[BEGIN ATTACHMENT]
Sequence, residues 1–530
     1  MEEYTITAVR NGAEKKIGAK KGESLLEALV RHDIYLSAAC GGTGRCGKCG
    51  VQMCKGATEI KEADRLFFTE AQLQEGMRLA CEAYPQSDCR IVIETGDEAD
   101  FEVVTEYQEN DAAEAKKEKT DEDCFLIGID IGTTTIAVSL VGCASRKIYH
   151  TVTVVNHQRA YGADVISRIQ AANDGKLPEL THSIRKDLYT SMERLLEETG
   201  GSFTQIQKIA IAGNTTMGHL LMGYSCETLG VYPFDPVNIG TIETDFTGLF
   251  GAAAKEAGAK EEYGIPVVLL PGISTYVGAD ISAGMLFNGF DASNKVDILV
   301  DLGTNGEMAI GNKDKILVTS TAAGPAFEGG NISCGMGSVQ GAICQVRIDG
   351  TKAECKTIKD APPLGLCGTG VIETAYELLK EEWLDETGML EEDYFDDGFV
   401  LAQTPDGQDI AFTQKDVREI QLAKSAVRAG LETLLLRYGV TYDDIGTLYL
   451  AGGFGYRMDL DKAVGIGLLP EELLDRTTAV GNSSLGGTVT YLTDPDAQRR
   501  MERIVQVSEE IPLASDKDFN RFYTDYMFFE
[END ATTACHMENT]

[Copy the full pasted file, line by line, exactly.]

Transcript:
Sequence, residues 1–530
     1  MEEYTITAVR NGAEKKIGAK KGESLLEALV RHDIYLSAAC GGTGRCGKCG
    51  VQMCKGATEI KEADRLFFTE AQLQEGMRLA CEAYPQSDCR IVIETGDEAD
   101  FEVVTEYQEN DAAEAKKEKT DEDCFLIGID IGTTTIAVSL VGCASRKIYH
   151  TVTVVNHQRA YGADVISRIQ AANDGKLPEL THSIRKDLYT SMERLLEETG
   201  GSFTQIQKIA IAGNTTMGHL LMGYSCETLG VYPFDPVNIG TIETDFTGLF
   251  GAAAKEAGAK EEYGIPVVLL PGISTYVGAD ISAGMLFNGF DASNKVDILV
   301  DLGTNGEMAI GNKDKILVTS TAAGPAFEGG NISCGMGSVQ GAICQVRIDG
   351  TKAECKTIKD APPLGLCGTG VIETAYELLK EEWLDETGML EEDYFDDGFV
   401  LAQTPDGQDI AFTQKDVREI QLAKSAVRAG LETLLLRYGV TYDDIGTLYL
   451  AGGFGYRMDL DKAVGIGLLP EELLDRTTAV GNSSLGGTVT YLTDPDAQRR
   501  MERIVQVSEE IPLASDKDFN RFYTDYMFFE